Compromise is a necessary part of life. Differences inevitably arise in our personal and work lives. Resolution of these differences generally takes place through negotiation. The goal of negotiation is to reach an understanding, which means compromise. calvin and hobbes cartoon Is Calvin right? How would you describe a good compromise? Does it leave everybody mad? Is a compromise that leaves anybody mad really a good one? I don’t thinks so. Generally speaking, there are two recognized methods of negotiation:
  • Distributive bargaining, also known as “win-lose,” “zero-sum,” and “divide-the-pie” negotiation, assumes that resources are fixed and that future relationship between the parties is unimportant. Everyday examples include buying a house or car.
  • Integrative bargaining, also known as “win-win,” “interest-based,” and “expand-the-pie” negotiation, can lead to better outcomes when issues are complex and the parties value their future relationship.
Divorce typically involves multiple, complex, ongoing issues, including parenting, property and cash flow. Divorcing couples, especially those with children, are interested not only in a fair settlement, but also in having a comfortable post-divorce relationship. They want to be able to co-parent their children effectively. Most want to put family members and friends at ease without having to take sides.  They also want to be able to participate in graduations, weddings, holiday gatherings and other social events without the angst that they have seen their divorced friends and family members experience. Traditional divorce processes encourage the parties to take positions on various issues, exchange settlement proposals, and, ultimately, either make compromises or go to trial. Compromises are made and one or both parties are mad. The Collaborative law process, however, uses interest-based negotiation techniques to help them to achieve these interests. Use of integrative bargaining encourages them to express their goals, which more often than not are shared goals. Once the relevant information has been gathered, the parties have the often-difficult conversations about their fears and hopes. They are encouraged to generate and evaluate potential settlement options. Agreeing to a plan for the future requires compromise by each party. But because the compromises follow open, cooperative discussion and are made for the benefit of the family as a whole, they can leave everybody hopeful about the future … not mad.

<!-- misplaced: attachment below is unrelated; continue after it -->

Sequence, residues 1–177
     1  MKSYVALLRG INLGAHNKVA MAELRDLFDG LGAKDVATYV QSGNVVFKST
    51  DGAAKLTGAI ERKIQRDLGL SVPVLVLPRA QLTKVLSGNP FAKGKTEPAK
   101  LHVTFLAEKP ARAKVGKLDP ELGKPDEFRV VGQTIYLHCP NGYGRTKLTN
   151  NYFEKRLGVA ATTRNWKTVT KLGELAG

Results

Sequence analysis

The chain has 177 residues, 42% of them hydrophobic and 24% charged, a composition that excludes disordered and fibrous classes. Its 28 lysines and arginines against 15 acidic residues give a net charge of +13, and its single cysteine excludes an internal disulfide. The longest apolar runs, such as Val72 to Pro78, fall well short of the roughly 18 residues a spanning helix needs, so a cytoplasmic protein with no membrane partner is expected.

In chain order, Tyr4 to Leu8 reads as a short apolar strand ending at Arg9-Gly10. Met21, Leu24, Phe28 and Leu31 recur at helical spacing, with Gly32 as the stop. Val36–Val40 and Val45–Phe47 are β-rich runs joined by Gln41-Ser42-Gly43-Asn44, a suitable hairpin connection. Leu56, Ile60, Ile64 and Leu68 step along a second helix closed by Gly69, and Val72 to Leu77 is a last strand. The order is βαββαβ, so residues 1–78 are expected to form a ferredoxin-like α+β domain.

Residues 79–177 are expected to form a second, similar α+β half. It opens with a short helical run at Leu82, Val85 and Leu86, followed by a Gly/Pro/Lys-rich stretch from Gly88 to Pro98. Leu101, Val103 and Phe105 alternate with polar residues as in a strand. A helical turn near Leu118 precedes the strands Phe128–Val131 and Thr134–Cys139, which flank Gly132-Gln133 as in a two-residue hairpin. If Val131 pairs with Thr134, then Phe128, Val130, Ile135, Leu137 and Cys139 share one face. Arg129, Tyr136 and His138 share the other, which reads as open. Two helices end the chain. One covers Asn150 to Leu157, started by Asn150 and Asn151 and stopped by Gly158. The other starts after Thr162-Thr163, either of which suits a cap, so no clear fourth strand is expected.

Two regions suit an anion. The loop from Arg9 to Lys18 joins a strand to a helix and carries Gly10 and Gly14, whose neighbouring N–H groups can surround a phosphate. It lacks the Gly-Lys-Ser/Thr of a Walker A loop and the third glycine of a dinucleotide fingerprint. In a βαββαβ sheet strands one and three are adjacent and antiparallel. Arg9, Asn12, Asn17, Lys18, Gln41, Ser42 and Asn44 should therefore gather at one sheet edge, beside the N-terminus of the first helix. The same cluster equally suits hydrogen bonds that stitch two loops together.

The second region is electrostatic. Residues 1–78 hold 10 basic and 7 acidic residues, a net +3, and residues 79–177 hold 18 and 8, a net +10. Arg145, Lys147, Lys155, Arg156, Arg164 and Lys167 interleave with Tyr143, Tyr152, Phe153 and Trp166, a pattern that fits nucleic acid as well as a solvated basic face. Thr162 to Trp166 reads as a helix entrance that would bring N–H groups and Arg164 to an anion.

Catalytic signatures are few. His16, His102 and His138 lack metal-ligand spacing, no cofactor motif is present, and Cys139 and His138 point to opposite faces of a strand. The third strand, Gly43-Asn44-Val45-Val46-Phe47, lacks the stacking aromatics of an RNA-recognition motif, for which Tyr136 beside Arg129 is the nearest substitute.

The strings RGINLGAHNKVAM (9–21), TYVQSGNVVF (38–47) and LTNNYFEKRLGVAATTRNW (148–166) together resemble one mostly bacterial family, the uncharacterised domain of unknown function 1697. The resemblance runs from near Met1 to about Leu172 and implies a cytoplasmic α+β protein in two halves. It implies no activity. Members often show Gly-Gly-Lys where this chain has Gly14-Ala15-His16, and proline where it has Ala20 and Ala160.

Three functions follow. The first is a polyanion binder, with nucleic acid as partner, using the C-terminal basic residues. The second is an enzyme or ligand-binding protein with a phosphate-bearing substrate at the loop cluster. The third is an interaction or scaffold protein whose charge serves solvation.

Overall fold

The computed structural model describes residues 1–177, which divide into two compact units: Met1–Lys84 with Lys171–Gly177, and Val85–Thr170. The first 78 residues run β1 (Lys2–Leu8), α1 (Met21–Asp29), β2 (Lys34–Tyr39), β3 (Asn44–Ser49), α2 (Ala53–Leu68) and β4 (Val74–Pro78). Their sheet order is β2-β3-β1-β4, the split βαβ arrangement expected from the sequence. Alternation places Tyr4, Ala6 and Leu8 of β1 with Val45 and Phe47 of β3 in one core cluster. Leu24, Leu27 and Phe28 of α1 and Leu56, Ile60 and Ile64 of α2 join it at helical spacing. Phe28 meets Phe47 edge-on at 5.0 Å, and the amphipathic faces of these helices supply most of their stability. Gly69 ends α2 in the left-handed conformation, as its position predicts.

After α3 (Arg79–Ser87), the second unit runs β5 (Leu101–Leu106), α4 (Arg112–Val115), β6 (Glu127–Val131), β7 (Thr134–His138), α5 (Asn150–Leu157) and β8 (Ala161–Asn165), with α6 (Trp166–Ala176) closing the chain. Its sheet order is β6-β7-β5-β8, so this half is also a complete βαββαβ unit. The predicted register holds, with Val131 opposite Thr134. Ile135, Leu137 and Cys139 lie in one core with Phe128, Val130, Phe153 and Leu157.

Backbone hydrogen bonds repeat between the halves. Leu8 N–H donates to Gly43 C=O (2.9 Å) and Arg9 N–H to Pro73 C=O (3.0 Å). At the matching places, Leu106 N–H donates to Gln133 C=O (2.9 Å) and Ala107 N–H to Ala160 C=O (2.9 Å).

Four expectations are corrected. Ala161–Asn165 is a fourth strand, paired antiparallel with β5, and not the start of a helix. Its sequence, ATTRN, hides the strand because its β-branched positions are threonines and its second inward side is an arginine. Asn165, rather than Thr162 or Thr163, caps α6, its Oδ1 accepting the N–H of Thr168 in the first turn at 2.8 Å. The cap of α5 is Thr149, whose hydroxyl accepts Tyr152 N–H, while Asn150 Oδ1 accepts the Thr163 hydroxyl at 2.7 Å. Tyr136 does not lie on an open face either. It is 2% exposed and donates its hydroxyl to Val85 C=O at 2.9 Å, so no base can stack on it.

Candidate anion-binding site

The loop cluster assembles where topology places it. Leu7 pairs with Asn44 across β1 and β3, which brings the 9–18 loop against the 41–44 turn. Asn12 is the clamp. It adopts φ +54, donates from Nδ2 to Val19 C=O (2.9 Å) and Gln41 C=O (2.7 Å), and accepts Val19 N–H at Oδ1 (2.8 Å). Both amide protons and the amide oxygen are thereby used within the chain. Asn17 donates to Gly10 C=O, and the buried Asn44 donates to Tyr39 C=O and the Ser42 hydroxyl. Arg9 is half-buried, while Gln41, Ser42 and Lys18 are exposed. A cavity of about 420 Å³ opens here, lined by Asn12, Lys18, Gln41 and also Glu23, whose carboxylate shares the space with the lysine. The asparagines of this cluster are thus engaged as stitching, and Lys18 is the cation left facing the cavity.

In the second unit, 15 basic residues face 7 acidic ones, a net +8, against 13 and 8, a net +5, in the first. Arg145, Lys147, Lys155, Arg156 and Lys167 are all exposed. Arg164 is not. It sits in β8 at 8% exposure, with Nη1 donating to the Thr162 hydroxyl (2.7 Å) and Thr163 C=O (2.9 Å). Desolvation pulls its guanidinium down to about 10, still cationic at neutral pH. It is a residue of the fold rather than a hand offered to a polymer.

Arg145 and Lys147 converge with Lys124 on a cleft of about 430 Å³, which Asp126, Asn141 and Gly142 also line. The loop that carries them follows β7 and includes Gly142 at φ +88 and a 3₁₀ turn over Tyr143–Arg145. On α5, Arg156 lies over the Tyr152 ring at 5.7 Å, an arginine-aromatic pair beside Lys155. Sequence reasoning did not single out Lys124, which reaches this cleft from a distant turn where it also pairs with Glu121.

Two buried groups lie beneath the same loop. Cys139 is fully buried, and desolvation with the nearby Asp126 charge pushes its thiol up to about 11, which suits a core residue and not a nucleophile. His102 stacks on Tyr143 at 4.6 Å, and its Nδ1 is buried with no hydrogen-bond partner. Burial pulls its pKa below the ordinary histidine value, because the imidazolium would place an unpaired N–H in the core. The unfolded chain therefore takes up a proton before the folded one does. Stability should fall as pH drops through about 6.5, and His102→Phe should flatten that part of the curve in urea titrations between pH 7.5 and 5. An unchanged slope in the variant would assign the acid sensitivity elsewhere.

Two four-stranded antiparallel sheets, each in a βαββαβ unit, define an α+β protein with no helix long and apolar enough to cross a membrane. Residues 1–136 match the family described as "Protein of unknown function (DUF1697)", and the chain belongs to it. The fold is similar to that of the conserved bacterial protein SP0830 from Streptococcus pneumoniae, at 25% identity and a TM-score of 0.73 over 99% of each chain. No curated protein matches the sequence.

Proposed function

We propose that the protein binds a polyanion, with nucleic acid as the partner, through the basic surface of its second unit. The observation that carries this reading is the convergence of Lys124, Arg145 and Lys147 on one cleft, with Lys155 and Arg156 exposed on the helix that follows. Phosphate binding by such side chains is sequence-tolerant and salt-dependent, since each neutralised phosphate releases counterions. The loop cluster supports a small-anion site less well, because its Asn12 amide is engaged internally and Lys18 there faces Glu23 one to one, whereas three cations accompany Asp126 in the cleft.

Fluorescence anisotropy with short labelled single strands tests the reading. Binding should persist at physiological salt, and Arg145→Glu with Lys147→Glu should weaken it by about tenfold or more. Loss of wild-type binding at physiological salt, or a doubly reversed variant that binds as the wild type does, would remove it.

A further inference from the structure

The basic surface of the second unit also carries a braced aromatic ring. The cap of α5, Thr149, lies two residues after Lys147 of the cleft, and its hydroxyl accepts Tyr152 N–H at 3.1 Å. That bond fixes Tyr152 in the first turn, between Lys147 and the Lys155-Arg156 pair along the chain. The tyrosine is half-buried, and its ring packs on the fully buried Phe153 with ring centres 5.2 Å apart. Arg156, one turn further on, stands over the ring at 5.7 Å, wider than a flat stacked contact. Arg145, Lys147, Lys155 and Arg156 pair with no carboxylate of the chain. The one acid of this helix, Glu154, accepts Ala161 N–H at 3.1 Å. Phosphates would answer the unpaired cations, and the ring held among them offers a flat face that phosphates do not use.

Where should I sit? This is a common thought walking into any new room.  This is especially true if you are involved in a legal discussion and emotions are high. In a memorable Collaborative Practice training I attended a couple years ago, the instructor encouraged us to think about conference room space at our respective offices.  We were to think about our seating space from the perspective of a client and also from the perspective of the other participants.  We had a thorough discussion on the pros and cons of where to park various participants and a role-play about seating; who should sit where?  Why? It is a little like solving a puzzle, trying to find the best seating position to attain a comfortable and effective discussion. Should the attorneys sit next to each other and the clients sit next to each other?  Should it be grouped by attorney-client pairs on each side of a table?  Should the clients sit across the table from one another?  Is it better to have the clients sit directly across or diagonal from one another? Does this sound like what you would think a group of attorneys would get together to talk about?  No, this type of discussion is way outside the realm of traditional litigation-based attorney training.  This is the Collaborative way of thinking. Collaborative Attorneys and other Collaborative team members are trained and experienced in thinking not just about the legal aspects of a case, but also the non-legal aspects of the client experience. Seating at a group meeting is just one example. It is quite simple:  when people are comfortable, they are better able to think with a clear head.  These non-legal factors in the client experience play an important part in negotiating successful and durable settlements. It is common for attorneys to say that most of family law is not about the law.  What they mean is that the law is only part of the equation and that emotions and other factors play a major role in resolving a case.  Collaborative teams are uniquely trained to think about and value these non-legal factors in helping their clients negotiate legal solutions.